Denon DHT-485DV Home Theater in a Box (HTIB) with DVD Player, Receiver, Speakers, and Subwoofer June, 2005 Piero Gabucci
Recently, as I completed the set-up of the Denon DHT-485DV HTIB that I had been sent for review, a friend stopped by on another matter and I invited him to sit in for my first listening.
The Denon being a 6.1 Dolby EX decoding system, I dropped Gladiator into the DVD player and began watching the opening scene. My friend kept asking me to turn it up as he was enjoying the intense early battle activity. Much to his dismay I stopped the playback after about 20 minutes, because I was curious to his reaction. Not because he's an audiophile or a home theater enthusiast, in fact I know he doesn't own a system, but because I think he is the specific target for this system, someone either new, or looking for a modestly priced product. Needless to say, his comments were insightful and he thoroughly enjoyed the brief demonstration, as I did.
In the $699 MSRP Denon DHT-485DV package, you'll receive the new AVR-485 receiver, the DVD-555 player, and the SYS-65HT 6.1 speaker system. Included are five satellites (SC-A65), a horizontally-oriented center channel (SC-C65), and a hearty powered subwoofer (DSW-65). While both the receiver and the DVD player are available for sale individually, the speaker package is not.
The entire package is finished in gray from top to bottom. In fact, the silvery finish tends to disappear in some decors, interesting for those looking to minimize the visual impact of seven speakers in their homes.
One of the things I like about this package is the separate components, not necessarily a new concept, but it allows upgrading a bit at a time. The AVR-485 is a 6.1 channel receiver capable of delivering up to 110 WPC for 6 ohm speakers and a THD at 0.7%. As the speakers included are 6 ohms, there is plenty of power.
Across the board of receivers from Denon, the AVR-485 shares all the same design characteristics: large knobs, an informative display, on/off as well as standby mode (so you're remote can activate the unit(s) without getting out of your chair).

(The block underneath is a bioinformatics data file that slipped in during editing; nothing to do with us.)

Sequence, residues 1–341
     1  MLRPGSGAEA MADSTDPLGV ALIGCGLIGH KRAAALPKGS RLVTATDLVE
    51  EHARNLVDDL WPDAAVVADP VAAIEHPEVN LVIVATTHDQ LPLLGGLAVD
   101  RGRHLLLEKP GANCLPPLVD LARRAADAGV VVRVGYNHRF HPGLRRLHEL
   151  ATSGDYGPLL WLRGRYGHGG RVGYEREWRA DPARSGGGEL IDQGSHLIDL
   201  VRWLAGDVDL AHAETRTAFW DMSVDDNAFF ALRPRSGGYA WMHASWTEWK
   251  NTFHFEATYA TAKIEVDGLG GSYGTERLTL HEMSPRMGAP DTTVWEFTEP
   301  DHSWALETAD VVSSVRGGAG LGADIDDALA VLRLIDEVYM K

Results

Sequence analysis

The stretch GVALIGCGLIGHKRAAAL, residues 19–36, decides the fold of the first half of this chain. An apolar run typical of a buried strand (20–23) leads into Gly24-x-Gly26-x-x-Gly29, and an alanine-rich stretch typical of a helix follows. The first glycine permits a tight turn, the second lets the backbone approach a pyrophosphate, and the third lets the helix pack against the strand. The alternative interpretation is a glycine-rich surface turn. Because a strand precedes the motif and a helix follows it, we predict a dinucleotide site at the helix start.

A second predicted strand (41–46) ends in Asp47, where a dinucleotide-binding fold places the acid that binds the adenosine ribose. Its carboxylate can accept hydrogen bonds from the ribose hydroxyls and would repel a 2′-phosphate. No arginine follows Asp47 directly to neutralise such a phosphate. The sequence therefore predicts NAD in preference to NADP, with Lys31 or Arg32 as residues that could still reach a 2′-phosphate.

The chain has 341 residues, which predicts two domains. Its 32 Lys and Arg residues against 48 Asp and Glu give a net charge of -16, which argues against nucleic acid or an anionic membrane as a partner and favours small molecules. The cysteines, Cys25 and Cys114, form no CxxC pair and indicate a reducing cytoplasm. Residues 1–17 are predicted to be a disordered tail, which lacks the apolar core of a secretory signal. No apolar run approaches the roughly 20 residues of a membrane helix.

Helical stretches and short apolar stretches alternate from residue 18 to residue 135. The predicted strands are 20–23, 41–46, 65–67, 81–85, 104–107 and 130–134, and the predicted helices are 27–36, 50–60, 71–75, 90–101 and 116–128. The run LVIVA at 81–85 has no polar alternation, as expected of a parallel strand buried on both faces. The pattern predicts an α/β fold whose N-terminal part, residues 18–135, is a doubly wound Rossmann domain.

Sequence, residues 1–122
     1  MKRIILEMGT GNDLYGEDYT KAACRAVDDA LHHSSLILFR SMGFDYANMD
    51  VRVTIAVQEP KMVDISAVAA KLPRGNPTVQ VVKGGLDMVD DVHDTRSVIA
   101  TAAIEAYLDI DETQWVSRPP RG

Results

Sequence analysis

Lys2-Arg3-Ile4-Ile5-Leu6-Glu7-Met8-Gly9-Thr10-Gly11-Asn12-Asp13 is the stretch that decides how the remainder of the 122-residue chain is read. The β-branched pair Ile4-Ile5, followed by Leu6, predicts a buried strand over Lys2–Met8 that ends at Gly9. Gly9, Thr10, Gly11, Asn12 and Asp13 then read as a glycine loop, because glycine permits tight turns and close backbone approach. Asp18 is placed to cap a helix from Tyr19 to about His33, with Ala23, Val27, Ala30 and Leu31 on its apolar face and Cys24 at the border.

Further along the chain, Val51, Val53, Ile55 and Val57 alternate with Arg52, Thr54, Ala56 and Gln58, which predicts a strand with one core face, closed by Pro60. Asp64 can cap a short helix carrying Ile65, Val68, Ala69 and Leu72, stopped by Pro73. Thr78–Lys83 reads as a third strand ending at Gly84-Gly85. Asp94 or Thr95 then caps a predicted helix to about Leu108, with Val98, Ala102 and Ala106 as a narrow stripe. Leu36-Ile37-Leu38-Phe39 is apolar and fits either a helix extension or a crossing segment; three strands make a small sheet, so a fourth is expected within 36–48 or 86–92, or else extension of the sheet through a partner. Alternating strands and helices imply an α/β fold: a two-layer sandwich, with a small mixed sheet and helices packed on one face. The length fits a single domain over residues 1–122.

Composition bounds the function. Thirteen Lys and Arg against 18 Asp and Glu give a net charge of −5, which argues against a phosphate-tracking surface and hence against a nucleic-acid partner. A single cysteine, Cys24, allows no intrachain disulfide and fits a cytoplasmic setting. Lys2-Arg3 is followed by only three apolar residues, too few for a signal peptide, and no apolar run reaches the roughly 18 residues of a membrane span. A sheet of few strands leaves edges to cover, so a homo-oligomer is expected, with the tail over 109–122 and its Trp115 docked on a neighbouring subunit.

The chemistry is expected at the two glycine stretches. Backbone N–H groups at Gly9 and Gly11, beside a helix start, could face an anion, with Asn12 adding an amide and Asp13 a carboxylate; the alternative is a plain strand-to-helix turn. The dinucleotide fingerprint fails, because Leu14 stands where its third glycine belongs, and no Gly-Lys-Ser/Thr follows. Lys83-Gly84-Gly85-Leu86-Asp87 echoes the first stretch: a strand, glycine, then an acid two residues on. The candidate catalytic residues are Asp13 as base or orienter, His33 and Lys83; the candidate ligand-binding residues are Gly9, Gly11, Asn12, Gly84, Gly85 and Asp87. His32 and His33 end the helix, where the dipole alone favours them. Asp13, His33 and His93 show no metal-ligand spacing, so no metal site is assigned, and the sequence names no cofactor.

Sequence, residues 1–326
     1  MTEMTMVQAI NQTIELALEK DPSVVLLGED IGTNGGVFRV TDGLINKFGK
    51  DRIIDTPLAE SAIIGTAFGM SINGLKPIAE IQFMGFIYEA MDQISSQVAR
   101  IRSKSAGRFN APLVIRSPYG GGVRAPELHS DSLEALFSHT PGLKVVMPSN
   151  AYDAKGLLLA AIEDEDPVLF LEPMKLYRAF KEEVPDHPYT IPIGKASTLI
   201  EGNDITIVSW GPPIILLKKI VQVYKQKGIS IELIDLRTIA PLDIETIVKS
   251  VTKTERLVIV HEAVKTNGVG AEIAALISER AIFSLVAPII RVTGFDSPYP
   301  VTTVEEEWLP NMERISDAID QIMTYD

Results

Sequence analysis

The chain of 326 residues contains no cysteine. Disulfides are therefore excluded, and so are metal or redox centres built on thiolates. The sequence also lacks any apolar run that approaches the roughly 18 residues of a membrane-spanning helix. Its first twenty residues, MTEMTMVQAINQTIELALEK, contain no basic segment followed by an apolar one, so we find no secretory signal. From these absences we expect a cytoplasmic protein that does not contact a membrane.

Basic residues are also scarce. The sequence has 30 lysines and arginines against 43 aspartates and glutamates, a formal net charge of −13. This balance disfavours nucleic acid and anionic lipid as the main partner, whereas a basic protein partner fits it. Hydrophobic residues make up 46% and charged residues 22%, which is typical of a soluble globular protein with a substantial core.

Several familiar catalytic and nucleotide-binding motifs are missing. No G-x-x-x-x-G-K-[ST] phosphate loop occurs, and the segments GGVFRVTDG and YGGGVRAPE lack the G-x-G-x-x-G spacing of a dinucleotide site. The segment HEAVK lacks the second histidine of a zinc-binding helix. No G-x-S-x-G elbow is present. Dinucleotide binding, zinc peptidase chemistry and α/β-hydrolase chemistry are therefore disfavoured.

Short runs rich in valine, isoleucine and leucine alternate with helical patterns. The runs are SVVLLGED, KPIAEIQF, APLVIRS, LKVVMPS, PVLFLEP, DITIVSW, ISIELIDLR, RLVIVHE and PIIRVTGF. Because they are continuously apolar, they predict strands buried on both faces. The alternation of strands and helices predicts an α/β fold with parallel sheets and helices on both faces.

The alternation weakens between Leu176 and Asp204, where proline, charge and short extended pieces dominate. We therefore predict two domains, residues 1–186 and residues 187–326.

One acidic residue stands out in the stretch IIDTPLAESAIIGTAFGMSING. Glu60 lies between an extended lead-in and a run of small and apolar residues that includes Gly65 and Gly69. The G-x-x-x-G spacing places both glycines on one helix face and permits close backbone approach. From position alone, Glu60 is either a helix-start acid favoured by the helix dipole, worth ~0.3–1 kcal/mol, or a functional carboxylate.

On the rear, the receiver offers eight pairs of analog inputs, a set of six analog inputs (called EXT) for use with a DVD-A/SACD player (the included player does not decode DVD-A or SACD though), and two digital inputs, one each for optical and coaxial. Video inputs include three component, four composite, and three S-Video. On the audio output (line-level) side, there is a subwoofer pre-out and two recording loops. Video outputs include a component for your monitor and two each, composite, and S-Video.
The AVR-485 is not a multi zone unit, but it does offer A/B speaker terminals.
As this is a new receiver, it decodes pretty much everything, including DTS 96/24 for DVD-Video, DD EX, DTS-ES Discrete and Matrix 6.1, DTS Neo:6, and Pro Logic IIx.
System set-up includes speaker size, distance, and a subwoofer crossover frequency range from 40 Hz to 250 Hz. Internal test tones allow for channel adjustments from -12 dB to +12 dB. There are digital-in assignments for the coaxial and optical inputs. All set-up is done from the receiver's front panel, so you don't need to turn on your TV to view the OSD for this.
Auto Surround mode detects analog PCM, two-channel stereo, or Dolby Digital/DTS as well as multi-channel formats. Bass management for the EXT inputs includes subwoofer boost of up to 15 dB.
The AVR-485 allows you to choose a variety of surround parameters in both Cinema and Music modes. Three interesting modes are possible: Panorama On/Off, for extending the front stereo to include surround speakers, a Dimension Control adjusts from front to rear in increments from 0 to 6, and a Center Width Control, allowing you to choose which of the front speakers delivers the center channel sound image (directly from the center speaker or a phantom image from the left/right speakers).
A DSP (Digital Signal Processor) Surround Simulation feature seven surround modes, including the one I enjoy, 5Ch/6Ch stereo, Mono Movie, Rock Arena, Jazz Club, Video Game, Matrix, and finally Virtual. They all offer a variety of sound experiences.
The FM tuner allows 56 stations, and an Auto Preset function will find and store them for you.
The DVD Player
The DVD-555, Denon's affordable progressive scan DVD player will play back DVD-R/RW/+R/+RW, MP3, as well as WMA (Windows Media Audio) version 9. It also decodes 24/96 PCM digital, Dolby Digital, and DTS material.
Outputs include Component and S-Video for video output, and digital outputs from either the coaxial or optical connections for audio.
All DVD player set-up is done through the remote control and the OSD (shown above). A quick set-up in my test room defaulted to English, a 4:3 screen, and Dolby/DTS activated, allowing me to immediately play movies. The Custom menu will let you make video and audio changes and control rating level.
Strangely, but not surprising since this is a package of components put together, two remotes were included.
The RC-982 (the one on the left, in the photo) that came with the DVD player is simple, straightforward, and extremely easy to use. The larger RC-977 that comes with the AVR-485 receiver is a universal learning remote, capable of controlling both components from the slide of a switch from audio to video. Neither would win innovation awards, but nonetheless, they performed nicely. Put the DVD remote away and use the RC-997.